The song was released in 1973 (see 1973 in music) as the album's first single, and entered the Top Ten in the UK and the Top 20 in the U.S. Despite only being a modest success compared to his other hits, it remains one of his best-known songs.

The song was banned on many radio stations fearing that the title would incite violence.

The song was written about a public house in Market Rasen called The Aston.

Composition and inspiration[edit]

"Saturday Night's Alright for Fighting" is a lively throwback to early rock and roll with a glam edge; the lyrics discuss a night out in town in which the narrator plans to "get about as oiled as a diesel train". Taupin has said that the song was meant to be an American rock and roll song, set in Britain, and was inspired by his raucous teenage days, in particular in the fights happening in his local pub, the Aston Arms[3] [4] in Market Rasen. This song was the only one recorded during Elton and the band's time in Jamaica, where they had initially planned to record the album, but was never used, due to the poor quality of the recording equipment. John described the sound of the Jamaican recording of "Saturday" as sounding like "it had been recorded on the worst transistor radio". This experience prompted the band to return to France to finish the album.

Apart from his lyrical contributions, in the Eagle Vision documentary, Classic Albums: Goodbye Yellow Brick Road, Taupin said that a lot of the power of the song comes from the chords, adding it also features what he called one of the great "strident, blistering guitar chords ever created" in rock and roll.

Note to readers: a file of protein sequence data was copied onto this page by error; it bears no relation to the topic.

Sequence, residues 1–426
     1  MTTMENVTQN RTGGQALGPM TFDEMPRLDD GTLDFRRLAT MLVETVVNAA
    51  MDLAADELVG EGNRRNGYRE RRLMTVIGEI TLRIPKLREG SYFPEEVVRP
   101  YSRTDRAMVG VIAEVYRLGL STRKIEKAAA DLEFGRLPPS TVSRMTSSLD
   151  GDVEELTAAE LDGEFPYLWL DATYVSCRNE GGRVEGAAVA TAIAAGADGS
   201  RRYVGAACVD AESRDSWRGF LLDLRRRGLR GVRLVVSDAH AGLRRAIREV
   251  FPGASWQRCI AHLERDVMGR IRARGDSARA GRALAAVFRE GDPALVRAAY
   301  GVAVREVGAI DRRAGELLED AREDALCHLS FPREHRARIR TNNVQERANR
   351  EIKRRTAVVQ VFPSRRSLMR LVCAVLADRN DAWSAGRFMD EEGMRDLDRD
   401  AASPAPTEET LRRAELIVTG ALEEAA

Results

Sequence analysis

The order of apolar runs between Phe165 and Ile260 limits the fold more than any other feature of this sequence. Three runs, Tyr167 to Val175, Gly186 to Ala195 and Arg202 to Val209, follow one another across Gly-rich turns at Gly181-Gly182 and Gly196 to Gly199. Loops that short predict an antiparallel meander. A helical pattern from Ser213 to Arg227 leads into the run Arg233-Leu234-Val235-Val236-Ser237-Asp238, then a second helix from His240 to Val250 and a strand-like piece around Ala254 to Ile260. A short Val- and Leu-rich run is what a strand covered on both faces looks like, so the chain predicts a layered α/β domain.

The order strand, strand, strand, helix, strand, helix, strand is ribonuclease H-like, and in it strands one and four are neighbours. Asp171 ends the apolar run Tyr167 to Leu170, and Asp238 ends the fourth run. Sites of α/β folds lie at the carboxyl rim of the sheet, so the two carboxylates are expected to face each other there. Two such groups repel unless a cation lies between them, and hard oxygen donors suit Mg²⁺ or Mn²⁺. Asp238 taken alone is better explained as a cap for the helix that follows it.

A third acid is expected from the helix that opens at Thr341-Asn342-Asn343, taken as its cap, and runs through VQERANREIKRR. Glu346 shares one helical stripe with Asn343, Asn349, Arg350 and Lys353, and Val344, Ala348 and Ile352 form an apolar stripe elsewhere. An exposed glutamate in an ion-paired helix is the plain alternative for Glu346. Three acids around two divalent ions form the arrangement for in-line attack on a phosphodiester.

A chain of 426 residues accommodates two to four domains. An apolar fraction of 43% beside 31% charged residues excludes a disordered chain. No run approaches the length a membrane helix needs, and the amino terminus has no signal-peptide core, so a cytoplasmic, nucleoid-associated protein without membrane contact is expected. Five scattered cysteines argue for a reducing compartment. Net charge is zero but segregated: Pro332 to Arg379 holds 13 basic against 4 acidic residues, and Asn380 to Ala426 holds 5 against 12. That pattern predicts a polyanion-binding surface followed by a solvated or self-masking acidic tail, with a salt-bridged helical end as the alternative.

Cover versions and other uses[edit]

The rock band Queen has covered it numerous times in their concerts. They first performed the song in 1977 and would numerously be played at various concerts after that.

In 1988, it was covered on Flotsam and Jetsam's album No Place for Disgrace.

In 1991, The Who covered it for the album Two Rooms: Celebrating the Songs of Elton John & Bernie Taupin, also incorporating a segment of "Take Me to the Pilot"; a year later, both John and The Who's lead singer Roger Daltrey would perform at the tribute concert for Queen's lead singer Freddie Mercury.

In 2003 it was also performed by Nickelback (featuring Kid Rock and Dimebag Darrell) and included in the soundtrack for Charlie's Angels: Full Throttle as well as certain copies of The Long Road and as the B-side of their CD single, "Gotta Be Somebody". The song was also covered by Paul Burnley on the album Paul Burnley is the Real Public Enemy.

It is also used by the U.S. cable network Showtime as introduction music for its Showtime Championship Boxing series (as the series airs on the first Saturday of each month). An edited version of the song is used at the end of the opening tease for the CBC's Hockey Night in Canada, as that series airs on Saturday nights. It was also used as the theme song for TBS's Saturday Night College Football. In the show's open, the song was accompanied by a drumline and cymbalists, while clips of the two teams playing the night's featured game were interspersed throughout.[5]

In film, the track appears under the main title sequence of the 1985 movie Fandango, directed by Kevin Reynolds, starring Kevin Costner, Suzy Amis, Sam Robards and Judd Nelson, which was produced through Steven Spielberg's Amblin Entertainment company and released by Warner Brothers. The song also plays during the opening of the 2010 UK film Cemetery Junction.